What Moriarty does with this novel is very clever. She brings a group of ordinary people leading ordinary lives and strings them together in the most extraordinary way. Yet in spite of the novel switching from one character's life to the other, there is an order to the madness and it flows beautifully. However, the reader will run out of guessing options as to the content of the letter and then as to where on earth Moriarty is leading us all. And by us, I mean the readers. For once that letter is opened the reader is no longer an impartial entity but remains challenged throughout. It's like Moriarty defies you to act any differently to her characters when faced with the same situations. It is a novel that will force you to address who you are at your core and what you would do when your values, beliefs, and everything you know about wrong and right are put to the test.
The plot is very believable, so much so that it will have book club members shouting over each other to be heard and most likely at each other. And that in my opinion makes it well worth reading and ultimately gives depth and credibility to the writing. It is a novel about redemption, love, and closure. It is a story about regrets, guilt, and many many secrets.
My best friend and I are still at lock horns with her unbudging attitude that Cecilia should not have opened the letter in the first place. My argument? why write a letter with a secret if you don't want to be found out? Which one of us is right? We'd like you to be the judge of that so come on, go and read/download the book now. A friendship could be at stake here :)
Welcome back everyone and happy 2014!
Boy, oh boy do I have a lot (seriously a lot) of book recommendations to throw your way. Christmas holidays, never a quiet affair in this household, saw me with time to read loads and loads of new and not so new titles finally decreasing that pile of books in the corner collecting dust. My cleaning lady is the happiest person on Earth right now. Yes, I have a live-in cleaner (I'm in Abu Dhabi now duh!) and yes, she really is happy (my judgement is based on her whistling tune - on that some other post).
Anyway, back to business and since I'm on the subject of cleaners, I thought I'd kick the year off with a Dubai-based memoir by Becky Wicks aptly called 'Burqalicious: The Dubai Diaries'. But why is my cleaning lady relevant to this I sense you wondering? well, because it seems that according to Becky's book she would have us believe that expats in Dubai are all blessed with one (a cleaner that is, not a Becky) and by the time expats leave the magical city of Dubai they've forgotten how to wipe stains off a floor or how to stack anything in a dishwasher. A bit of an exaggeration (a thing this book is apt to do quite often) but I can see that happening ;)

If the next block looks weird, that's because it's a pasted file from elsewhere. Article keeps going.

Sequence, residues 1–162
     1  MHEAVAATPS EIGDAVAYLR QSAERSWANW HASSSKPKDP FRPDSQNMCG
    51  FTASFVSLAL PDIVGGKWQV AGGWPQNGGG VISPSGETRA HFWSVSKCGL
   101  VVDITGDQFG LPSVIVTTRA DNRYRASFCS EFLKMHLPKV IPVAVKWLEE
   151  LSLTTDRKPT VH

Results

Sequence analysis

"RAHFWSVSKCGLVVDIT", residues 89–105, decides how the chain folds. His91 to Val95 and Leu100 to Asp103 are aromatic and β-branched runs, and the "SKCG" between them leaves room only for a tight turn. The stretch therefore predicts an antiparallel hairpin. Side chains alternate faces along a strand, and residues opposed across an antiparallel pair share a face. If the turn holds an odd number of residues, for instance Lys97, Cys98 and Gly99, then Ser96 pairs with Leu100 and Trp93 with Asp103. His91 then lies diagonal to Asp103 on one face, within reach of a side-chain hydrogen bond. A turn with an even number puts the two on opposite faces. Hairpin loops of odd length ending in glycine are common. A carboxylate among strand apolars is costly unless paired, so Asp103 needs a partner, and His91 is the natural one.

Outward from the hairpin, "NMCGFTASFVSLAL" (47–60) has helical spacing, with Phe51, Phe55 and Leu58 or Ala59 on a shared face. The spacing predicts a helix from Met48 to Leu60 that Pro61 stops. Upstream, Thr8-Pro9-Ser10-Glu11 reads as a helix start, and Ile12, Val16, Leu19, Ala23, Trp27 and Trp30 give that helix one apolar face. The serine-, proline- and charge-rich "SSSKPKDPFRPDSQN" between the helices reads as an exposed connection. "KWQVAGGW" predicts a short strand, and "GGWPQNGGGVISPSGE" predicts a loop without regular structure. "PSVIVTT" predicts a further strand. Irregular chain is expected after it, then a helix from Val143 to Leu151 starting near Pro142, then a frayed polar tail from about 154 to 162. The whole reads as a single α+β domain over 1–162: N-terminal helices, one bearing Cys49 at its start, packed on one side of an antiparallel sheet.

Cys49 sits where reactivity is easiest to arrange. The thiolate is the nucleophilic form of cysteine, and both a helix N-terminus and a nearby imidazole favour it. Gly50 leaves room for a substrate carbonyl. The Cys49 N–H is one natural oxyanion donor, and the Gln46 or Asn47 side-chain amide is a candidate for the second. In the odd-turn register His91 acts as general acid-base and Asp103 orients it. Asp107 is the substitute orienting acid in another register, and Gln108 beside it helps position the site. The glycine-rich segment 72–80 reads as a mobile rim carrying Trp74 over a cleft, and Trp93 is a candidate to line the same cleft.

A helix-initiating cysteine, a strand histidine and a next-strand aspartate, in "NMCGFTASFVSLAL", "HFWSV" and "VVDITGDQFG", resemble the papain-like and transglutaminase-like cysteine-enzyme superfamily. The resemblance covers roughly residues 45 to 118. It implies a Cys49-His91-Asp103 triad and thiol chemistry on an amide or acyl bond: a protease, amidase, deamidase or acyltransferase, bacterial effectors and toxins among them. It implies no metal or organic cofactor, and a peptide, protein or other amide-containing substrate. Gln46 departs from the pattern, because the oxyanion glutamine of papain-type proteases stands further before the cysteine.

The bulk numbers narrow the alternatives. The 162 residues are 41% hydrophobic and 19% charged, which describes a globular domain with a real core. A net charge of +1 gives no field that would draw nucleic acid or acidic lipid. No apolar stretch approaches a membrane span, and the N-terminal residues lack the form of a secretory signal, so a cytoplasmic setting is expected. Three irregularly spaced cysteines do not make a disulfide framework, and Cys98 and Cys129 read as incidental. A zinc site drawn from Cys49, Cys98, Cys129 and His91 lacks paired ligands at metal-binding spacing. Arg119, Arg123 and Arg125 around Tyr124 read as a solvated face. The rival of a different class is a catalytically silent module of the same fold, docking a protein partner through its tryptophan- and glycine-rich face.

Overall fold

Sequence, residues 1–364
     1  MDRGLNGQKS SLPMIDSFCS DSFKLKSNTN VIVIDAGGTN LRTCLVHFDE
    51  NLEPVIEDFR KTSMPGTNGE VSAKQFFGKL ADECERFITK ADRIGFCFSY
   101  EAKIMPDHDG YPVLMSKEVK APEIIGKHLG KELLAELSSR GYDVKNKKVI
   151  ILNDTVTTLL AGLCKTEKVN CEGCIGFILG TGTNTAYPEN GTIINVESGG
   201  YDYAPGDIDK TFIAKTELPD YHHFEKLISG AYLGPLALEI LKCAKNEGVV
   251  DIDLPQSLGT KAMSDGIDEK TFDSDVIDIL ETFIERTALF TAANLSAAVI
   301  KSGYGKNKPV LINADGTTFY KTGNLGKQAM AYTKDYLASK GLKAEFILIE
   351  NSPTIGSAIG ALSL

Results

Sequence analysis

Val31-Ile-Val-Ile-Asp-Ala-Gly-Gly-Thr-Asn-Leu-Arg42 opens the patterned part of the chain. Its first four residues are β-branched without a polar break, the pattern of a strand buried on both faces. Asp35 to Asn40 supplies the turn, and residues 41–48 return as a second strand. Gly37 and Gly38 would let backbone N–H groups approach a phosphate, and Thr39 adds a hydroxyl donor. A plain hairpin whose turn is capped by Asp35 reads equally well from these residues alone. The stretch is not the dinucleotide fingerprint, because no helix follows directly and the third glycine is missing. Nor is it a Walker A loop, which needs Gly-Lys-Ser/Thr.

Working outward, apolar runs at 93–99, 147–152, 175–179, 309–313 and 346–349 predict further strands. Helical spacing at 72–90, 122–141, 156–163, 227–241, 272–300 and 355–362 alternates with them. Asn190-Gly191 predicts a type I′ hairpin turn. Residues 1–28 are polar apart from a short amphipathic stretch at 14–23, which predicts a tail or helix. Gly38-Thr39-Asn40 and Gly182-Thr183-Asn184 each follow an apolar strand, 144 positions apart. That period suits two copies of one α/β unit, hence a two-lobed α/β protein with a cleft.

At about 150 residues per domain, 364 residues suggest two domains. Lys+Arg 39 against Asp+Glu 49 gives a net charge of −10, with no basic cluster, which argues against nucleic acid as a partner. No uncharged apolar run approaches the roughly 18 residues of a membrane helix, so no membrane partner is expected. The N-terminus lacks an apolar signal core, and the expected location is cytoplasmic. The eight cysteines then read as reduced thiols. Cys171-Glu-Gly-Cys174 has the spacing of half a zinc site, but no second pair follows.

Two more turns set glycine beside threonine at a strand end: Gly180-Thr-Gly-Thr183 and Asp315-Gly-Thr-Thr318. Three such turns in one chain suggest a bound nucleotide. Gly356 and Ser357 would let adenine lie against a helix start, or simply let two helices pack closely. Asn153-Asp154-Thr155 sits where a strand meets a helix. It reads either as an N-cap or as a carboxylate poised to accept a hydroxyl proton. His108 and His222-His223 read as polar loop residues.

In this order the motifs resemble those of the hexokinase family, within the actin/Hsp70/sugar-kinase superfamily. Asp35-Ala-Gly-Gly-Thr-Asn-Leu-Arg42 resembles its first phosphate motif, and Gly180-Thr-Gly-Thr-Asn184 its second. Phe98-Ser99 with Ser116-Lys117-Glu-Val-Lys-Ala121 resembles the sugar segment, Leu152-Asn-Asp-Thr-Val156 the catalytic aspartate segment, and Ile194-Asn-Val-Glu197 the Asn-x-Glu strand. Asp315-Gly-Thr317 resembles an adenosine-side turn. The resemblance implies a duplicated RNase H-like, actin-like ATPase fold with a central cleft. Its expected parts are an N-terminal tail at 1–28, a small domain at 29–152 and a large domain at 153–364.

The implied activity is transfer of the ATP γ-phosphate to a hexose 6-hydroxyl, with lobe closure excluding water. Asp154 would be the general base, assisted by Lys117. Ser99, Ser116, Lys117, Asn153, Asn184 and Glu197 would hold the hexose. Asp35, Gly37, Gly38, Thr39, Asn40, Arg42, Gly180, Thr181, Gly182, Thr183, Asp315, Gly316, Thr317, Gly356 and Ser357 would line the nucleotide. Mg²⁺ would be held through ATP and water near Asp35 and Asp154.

However, this is a hilarious, casual, not too seriously written memoir about Wicks' time in Dubai between 2007 -2009! It is a delightful read, quite saucy and funny. This is no surprise given that among the many jobs Becky held in Dubai, was running a celebrity gossip blog. Not an easy job as one would imagine in a country where words like 'sex, drugs, whores, adultery and nudity' are forbidden. Basically not easy writes Becky 'when anything that makes writing about celebrities vaguely interesting is a big, fat no-no'.
Thankfully her book, written and published outside of Dubai, is far from censored. Dubai, a city that is not only Muslim but has strict rules about sex outside of marriage, unmarried couples living together, public displays of affection and zero tolerance to alcohol, Becky Wicks's book is rife with all those forbidden pleasures. The book is a diary entry of Becky's days and nights in the the city that not only seems to be competing with the world but who seems to continually want to outdo itself. This is a city where everything is bigger, better and shinier than anywhere else on Earth and where billboards and press releases promise outlandish dreams that only Dubai can make true.
Seems too good to be true? well, it's because it is. Dubai is not an easy place to live where everyone seems to be out to make a quick buck. And judging by Becky's account hardly anyone does any work in proportion to the amount of money they're paid and in fact treating their stay as one big holiday. The outcome? The bubble bursts, businesses collapse, and loads of people are thrown in jail due to mounting unpaid debts. However, most of the book focuses on the lifestyle pre-Dubai crash and although the situation is tamer these days it is by no means vanished. Dubai winning the bid to host Expo2020 are proof of that and the size of the New Year celebrations that took place in Jumeirah are yet the biggest proof of all. (Dubai New Year 2014 fireworks have entered the Guinness Book of Records. Click HERE to see the YouTube.
The author, Becky Wicks, is no angel, although she would have us believe otherwise. Becky was a single, 20-something year old out in Dubai at its prime. In the space of only two years, she changes several jobs, becomes mistress to a very wealthy Muslim and married man, and has several 'boyfriends' along the way. In her book she comes across as an immature, irritating, self-centred gold-digger (her relationship with M&M is proof) and a bonafide drama queen. There is sex, there is a city, but Becky Wicks is no Carrie Bradshaw.
So why should you read the book? Because it is fun, un-putdownable, insightful and shallow in equal measure and perfect for when you're detoxing in January!